“Repent therefore, and be converted, that your sins may be blotted out, and that times of refreshing may come from the presence of the Lord,”
At first glance, this seems like just a simple word where there is only one way to obtain eternal life. However, this verse about repentance shows the two processes to have eternal life and sins forgiven. The first step is “Repent” and the second step is “convert”. Both are similar, but very different in practice. That is, it is about the grace that comes through God’s favor, it is God who grants us repentance through his kindness (Romans 2:4). On the other hand, talking about conversion is something personal to each person and it is necessary to seek it with great insistence.
John the Baptist’s preaching was aimed at repentance, a repentance that aims at a change of direction or route. According to Paul’s writings the word for repentance is “change of mind.”
Writer R. C. Sproul in his book on “what is repentance” describes repentance as “a significant change of mind” or “a reconsideration.”
Similarly, the Greek word for repentance is “metanoia,” in other words, it is to change the mind.
If someone has ever asked you the following question, what would you do to change things in the past? What would you relive to avoid facing today’s uncomfortable situation again? Certainly you would do everything differently, if in any case the decisions of the past torment you to this day. The process of repentance is a new opportunity to begin a new story with God and a new opportunity for your soul.
Evidently, as Christians we would want to go back to the past to fix some points that were out of place. We would rewrite a new life story, because sin is surrounding us and leads us to sadness and loneliness. Mark’s gospel shows the emergence of John, the Baptist announcing the kingdom of God in the desert. The basis of his preaching was “calling sinners to repentance.”
After all, heartfelt repentance is the work of the Holy Spirit, as Paul describes in his epistle to the Romans.
Therefore, upon having palpable repentance and the conversion of the soul to the Lord, man now finds peace and refreshment because of the presence of the Holy Spirit within man.
“For there is no good tree that bears bad fruit, nor a bad tree that bears good fruit.”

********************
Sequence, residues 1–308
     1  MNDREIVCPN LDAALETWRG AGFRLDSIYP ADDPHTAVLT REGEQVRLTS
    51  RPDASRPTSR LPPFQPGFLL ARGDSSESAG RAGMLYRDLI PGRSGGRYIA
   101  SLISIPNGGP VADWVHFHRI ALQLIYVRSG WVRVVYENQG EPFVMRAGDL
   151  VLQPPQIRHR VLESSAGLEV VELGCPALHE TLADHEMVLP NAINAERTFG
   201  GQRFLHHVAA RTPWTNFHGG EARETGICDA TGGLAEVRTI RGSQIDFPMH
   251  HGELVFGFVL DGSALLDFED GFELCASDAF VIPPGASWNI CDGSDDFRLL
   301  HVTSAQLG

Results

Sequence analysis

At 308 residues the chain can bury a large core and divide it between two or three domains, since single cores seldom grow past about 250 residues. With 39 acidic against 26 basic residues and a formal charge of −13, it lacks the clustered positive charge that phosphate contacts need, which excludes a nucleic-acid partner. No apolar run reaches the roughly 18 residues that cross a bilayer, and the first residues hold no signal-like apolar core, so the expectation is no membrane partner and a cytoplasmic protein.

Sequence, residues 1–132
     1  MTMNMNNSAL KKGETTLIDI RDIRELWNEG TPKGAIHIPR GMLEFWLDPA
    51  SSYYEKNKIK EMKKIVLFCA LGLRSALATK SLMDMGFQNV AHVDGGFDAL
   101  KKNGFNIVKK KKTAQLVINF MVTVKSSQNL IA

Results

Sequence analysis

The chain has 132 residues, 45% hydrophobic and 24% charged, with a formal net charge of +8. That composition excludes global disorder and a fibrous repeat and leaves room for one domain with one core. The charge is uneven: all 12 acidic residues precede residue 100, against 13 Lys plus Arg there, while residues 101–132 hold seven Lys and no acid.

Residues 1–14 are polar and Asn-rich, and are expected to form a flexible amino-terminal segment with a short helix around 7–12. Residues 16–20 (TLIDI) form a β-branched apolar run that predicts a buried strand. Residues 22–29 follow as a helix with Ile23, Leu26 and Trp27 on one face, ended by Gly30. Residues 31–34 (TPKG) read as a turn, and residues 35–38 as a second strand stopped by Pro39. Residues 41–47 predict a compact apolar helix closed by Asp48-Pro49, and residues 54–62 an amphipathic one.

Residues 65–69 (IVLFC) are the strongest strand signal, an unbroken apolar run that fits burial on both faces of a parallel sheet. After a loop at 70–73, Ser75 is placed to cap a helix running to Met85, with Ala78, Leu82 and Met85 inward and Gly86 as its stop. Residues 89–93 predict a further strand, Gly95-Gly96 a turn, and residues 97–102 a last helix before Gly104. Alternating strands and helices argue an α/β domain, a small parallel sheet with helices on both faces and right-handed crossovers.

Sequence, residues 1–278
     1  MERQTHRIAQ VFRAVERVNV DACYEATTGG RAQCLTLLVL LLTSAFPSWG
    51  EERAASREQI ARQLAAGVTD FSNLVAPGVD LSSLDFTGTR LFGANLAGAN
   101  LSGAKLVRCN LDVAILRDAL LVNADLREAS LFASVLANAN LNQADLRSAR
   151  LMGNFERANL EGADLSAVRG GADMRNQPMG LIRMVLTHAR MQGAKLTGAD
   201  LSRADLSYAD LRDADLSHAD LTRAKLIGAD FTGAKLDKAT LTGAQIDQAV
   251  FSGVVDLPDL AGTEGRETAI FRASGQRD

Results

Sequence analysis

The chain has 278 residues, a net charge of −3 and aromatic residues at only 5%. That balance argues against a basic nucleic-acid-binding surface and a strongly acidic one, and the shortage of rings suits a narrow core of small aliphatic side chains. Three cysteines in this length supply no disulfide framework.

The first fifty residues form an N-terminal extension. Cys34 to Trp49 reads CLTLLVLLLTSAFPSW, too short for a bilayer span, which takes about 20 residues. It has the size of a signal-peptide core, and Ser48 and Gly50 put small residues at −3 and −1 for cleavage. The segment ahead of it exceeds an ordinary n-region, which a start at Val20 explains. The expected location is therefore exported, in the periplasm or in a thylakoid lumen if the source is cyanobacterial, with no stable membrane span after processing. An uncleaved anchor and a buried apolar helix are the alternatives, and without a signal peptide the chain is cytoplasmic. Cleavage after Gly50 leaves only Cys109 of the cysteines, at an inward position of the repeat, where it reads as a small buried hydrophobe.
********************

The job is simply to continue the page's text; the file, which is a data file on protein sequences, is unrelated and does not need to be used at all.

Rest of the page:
Jesus meant that man is known by his actions. If man practices God’s goodness and mercy, he is seen as a good tree before God. For this reason, the good tree that produces good fruit is known for its character. In Romans the apostle Paul describes that we are just people who have been grafted into the good tree that is Christ.
Furthermore, Jesus himself describes that his disciples are the branches and he himself is the true vine. Therefore, there is no way for the branch that is in Jesus to produce bad fruit. The fruits reveal who the person is. It is important to describe that there are the fruits of the flesh and the fruits of the Holy Spirit. The fruits of the Spirit are had through the indwelling of the Spirit, which generates in the spirit of man all kinds of goodness. On the other hand, the fruits of the flesh are had through the desires of the soul that is inclined to the delights of this life.
After all, the mouth speaks of what the heart is full of. Fill yourself with goodness that comes through the knowledge of Christ, which is reflecting the image and likeness of the Creator. The model must always be Christ – for this reason, the Apostle Paul writes that he is an imitator of Christ and that Christ’s walk leads us to practice God’s righteousness.
“Arise, and go down to the potter’s house, and there I will make you hear my words.”
A consensus imagines that the potter’s field was below the temple. Where the prophet Jeremiah was in the temple and upon hearing the voice of God to come down, he went to the potter’s field below the temple. However, some scholars say that there is no way to say this, considering that the potter’s house was outside the city, close to the potter’s field (Matthew 17).
Evidently, the prophet should be fallen or lying down – which God, in turn, tells the prophet to get up and go to a place where clay vessels are shaped.
In the context of Jeremiah 18, it describes that the vase breaks in the potter’s hand, it was not God who broke the vase, but rather that the vase broke itself in the shaper’s hand. The psalmist describes that God cannot resist a broken heart (a vessel that breaks), in the gospel of Jesus Christ it is described that a woman broke before the feet of Jesus (the potter). However, she broke an alabaster vase filled with expensive perfume in worship of Jesus.
Therefore, the passages from the Old and New Testaments are connected by the fact that they are broken by their own will. The act of the vase breaking is recognizing God and allowing oneself to be shaped by God. Applying his essence to man and making an old vessel (fallen nature) into a new vessel (new birth). After all, we were called to live a new life in the grace of God that came through Jesus of Nazareth.